Katie Sowers is excited for what’s next. She’s already made history as the first female coach in Super Bowl history and the first openly gay coach in NFL history. Now, she’s plotting her future.

At a special Q&A held by the LGBT+@Sky and Women@Sky network groups, Sowers, who came out publicly in 2017, said she still dreams of being a head coach one day.

“I’m not saying my NFL days are over, she said, via Sky Sports. “There’s a possibility even this year that I might be back.”

Sowers made history in February 2020 when she coached the 49ers in Super Bowl LIV. San Francisco brought her in as a summer intern in 2017 under the Bill Walsh NFL Diversity Coaching Fellowship, and she worked her way up to assistant coach. Sowers came out publicly as lesbian on Outsports in August 2017.

She departed the 49ers staff in January.

To commemorate Lesbian Visibility Day, Sowers told a story of personal resilience. Originally, she wanted to stay on her college basketball team’s staff as an assistant, but her coach told her she was no longer welcome. She had recently come out as gay to family and friends.

“It was a moment where I decided I can either look back and try to open this door that was slammed in my face, or I can view what other opportunities are out there,” Sowers said. “I believe that led me onto the path to where I am today.”

Instead of coaching at the collegiate level, Sowers started coaching a fifth-grade girls basketball team. And fortuitously, one of the players’ fathers was NFL executive Scott Pioli (who played a central role in Ryan O’Callaghan’s coming out story). They forged a friendship, and Pioli helped her land an internship with the Falcons.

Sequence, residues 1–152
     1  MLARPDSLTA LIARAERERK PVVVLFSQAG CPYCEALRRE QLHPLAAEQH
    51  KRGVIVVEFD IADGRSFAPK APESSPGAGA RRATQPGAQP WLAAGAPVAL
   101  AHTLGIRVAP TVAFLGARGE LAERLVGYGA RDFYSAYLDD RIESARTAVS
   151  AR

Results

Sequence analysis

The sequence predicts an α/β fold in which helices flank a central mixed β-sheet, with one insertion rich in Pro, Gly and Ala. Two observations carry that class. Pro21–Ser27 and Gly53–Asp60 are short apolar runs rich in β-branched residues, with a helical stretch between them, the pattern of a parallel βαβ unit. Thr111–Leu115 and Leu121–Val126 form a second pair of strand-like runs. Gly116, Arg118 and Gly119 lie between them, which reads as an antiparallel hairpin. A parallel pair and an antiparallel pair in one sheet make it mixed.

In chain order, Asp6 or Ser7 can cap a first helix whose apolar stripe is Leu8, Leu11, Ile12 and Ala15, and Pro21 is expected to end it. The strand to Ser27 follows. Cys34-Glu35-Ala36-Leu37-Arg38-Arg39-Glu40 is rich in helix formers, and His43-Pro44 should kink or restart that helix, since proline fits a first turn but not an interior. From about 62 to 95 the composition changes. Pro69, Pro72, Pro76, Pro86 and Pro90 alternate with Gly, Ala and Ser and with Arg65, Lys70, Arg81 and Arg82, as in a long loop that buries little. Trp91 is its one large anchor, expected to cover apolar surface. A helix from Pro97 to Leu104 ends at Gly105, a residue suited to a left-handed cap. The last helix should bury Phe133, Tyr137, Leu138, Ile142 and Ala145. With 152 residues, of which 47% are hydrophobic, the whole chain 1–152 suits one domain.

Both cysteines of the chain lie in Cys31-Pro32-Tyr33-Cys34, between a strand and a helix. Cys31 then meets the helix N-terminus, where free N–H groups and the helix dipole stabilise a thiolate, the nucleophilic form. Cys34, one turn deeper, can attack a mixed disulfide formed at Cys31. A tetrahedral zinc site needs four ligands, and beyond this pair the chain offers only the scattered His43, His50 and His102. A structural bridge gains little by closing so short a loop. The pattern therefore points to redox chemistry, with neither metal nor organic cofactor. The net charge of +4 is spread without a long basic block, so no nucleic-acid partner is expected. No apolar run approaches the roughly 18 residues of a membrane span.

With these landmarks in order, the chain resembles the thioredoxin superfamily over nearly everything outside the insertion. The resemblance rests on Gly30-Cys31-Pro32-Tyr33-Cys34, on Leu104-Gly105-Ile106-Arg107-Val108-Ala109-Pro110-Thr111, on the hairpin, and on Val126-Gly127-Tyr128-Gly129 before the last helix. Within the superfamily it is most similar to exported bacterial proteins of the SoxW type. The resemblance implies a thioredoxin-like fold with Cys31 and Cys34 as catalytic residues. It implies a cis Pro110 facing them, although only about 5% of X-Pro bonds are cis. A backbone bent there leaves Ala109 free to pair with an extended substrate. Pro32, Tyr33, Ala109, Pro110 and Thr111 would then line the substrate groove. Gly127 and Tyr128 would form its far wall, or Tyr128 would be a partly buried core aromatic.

Sowers penned her coming out story the following year, when she landed in the Bay Area.

“As LGBT+ people, we all have to handle whether we come out or how we deal with being authentic in our own way, and when we’re ready,” Sowers said. “The more that you can strive to get to that point, the better version of yourself that you’ll see.”

These days, Sowers is helping her sister coach the flag football team at Ottawa University in Ottawa, Kansas, and spending ample time with her niece — who used to only think football was for girls, by the way.

Sowers is proud of her influence.

“We were driving one time, she was about 4, and we pointed out some boys playing football. She looked at us and she said, ‘boys don’t play football,’” Sowers said. “And I realized all she’d ever seen was my twin sister and I playing.

“It just goes to show you how what we teach our children changes their view of the world. We actually had to teach her that boys could play football with girls as well.”